Top 10 Van Halen Songs
There’s never been a better straight-up, good-time rock and roll band than the original Van Halen. The group’s best songs struck a perfect balance between the wink-nudge lyricism and flamboyant, hyper-masculine persona of frontman David Lee Roth and the serious, groundbreaking musicianship of guitarist Eddie Van Halen. Not only were the band members great musicians and performers, they were also better songwriters than most of their hard rock contemporaries, capable of producing material that married a strong sense of songcraft with radio-friendly arrangements. The balance between Roth’s bravado and Eddie Van Halen’s musical invention is evident in nearly all of the group’s best tracks — as you’ll see in our list of the Top 10 Van Halen Songs.
Eddie Van Halen re-invented modern rock guitar playing with this instrumental track from Van Halen's debut album. 'Eruption' introduced many of Van Halen's musical innovations, including two-handed tapping, rapid flutter picking, whammy bar tricks and the guitarist's use of both harmonics and audio effects. 'Eruption' popularized tapping almost overnight, spawning a decade-long rash of hair metal imitators and landing in our list of the Top 10 Van Halen Songs.
'Ice Cream Man'
Originally written and recorded by blues musician John Brim, 'Ice Cream Man' was a perfect candidate for the Van Halen treatment, with a suggestive lyric promising "all my flavors are guaranteed to satisfy" that could have come from Roth's own pen. Roth displayed the legitimate blues side of his voice and also played the acoustic guitar parts on the recording, while Eddie Van Halen used the track as an excuse for a come-from-out-of-nowhere, deliriously over-the-top guitar solo that dominated the entire latter half of the song.
'Hot for Teacher'
Van Halen fueled many a schoolboy fantasy with 'Hot for Teacher.' The video for the song featured a hot bikini model as the teacher in a classroom full of adolescent boys -- which, strangely, some groups found offensive and tried to ban. Musically the song is furiously uptempo and features some of Alex Van Halen's greatest drumming, along with a crazy riff and solos from Eddie Van Halen. You have to love a song with lyrics like "I think of all the education that I've missed / But then my homework was never quite like this."
'Dance the Night Away'
'Dance the Night Away' was Van Halen's first Top 20 hit, reaching No. 15 in the U.S. on the strength of its crossover success. Its strong pop chorus and loose rhythmic feel had mainstream radio appeal. The track featured one of Michael Anthony's coolest bass lines, and his backing vocal was also an important element. Eddie Van Halen used the track to demonstrate that he's as strong a rhythm player as he is a soloist, but also contributed an unusual solo consisting of arpeggiated harmonics.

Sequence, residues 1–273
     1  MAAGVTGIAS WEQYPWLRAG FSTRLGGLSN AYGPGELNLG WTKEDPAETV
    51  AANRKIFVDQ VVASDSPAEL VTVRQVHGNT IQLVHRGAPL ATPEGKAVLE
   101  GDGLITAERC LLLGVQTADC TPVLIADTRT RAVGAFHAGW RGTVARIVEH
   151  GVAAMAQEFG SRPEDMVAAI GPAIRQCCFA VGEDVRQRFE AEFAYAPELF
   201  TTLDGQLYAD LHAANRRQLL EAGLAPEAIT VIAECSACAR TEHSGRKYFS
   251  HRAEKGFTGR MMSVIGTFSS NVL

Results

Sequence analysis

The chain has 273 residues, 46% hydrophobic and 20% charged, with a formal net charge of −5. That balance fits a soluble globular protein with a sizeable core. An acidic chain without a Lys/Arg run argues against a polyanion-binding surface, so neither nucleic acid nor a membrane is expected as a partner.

'Ain't Talkin' 'Bout Love'
Van Halen went a little bit darker with 'Ain't Talkin' 'Bout Love,' which is closer to the lyrical sensibilities of early metal than many of their other songs."I been to the edge / And there I stood and looked down / You know I lost a lot of friends there / I got no time to mess around." Musically the track, which lands at No. 6 on our list of the top Van Halen songs, centers around an awesomely heavy guitar riff so iconic that is has been covered or sampled by artists as diverse as Pearl Jam, Tone Loc and 2 Live Crew.
'Fair Warning' was a definite turn in a darker direction for Van Halen, and 'Unchained' reflected that, with an urgent, urban feel that seemed to conjure up images of the inner city. Eddie Van Halen's guitar riff used a dropped tuning, unusual chord voicings and heavy flanging to underscore Roth's equally gritty lyric: "Change, nothing stays the same / Unchained, and ya hit the ground runnin'."
'Panama' is another in a long line of great rock songs about cars that are really somewhat ambiguous sexual references. Its classic video shows the band members mostly goofing around and flying through the air on cables, but there's nothing un-serious about the track, which is among the heaviest from that period of the band's career. Eddie Van Halen contributed not only the song's supercharged riff and solo, but also his Lamborghini, which can be heard revving up during the song's bridge.
'Runnin' With the Devil'
One of the very heaviest songs Van Halen ever recorded, 'Runnin' With the Devil' kicked off the group's first album with all the subtlety of a fist upside the head. Highlighted by a sledgehammer bass/drum/guitar onslaught and Roth's inhuman screams, the track also proved that Eddie Van Halen didn't have to play fast to play well. The lyric is pure Roth braggadocio: "I live my life like there's no tomorrow / And all I've got I had to steal / Least I don't need to beg or borrow / Yes I'm living at a pace that kills / Runnin' with the devil."
Van Halen scored their only No. 1 single with 'Jump,' a song that was contentious within the band. David Lee Roth resisted the addition of synthesizers to Van Halen's musical palette, which Eddie Van Halen insisted on. Roth claimed in his autobiography that he wrote the lyrics after seeing a man who was waffling about whether or not to leap to his death from a building. The song, No. 2 on our top Van Halen songs list, heralded a change for Van Halen, who would continue to focus on more synth-oriented radio material on subsequent albums.
'Everybody Wants Some!!'
The No. 1 spot on the Top 10 Van Halen Songs has to be a heavy guitar-driven track, and it has to be about what Van Halen knows best -- which is why the awesomely unapologetic sex celebration 'Everybody Wants Some!!' easily gets the nod. The track's unique "jungle" bass and drum rhythm, along with a grab bag of guitar tricks and classic Roth schtick, also earned it the No. 8 spot in our Top 100 Classic Rock Songs. Let's face it, you can't not love this song after seeing it immortalized in claymation in 'Better Off Dead.'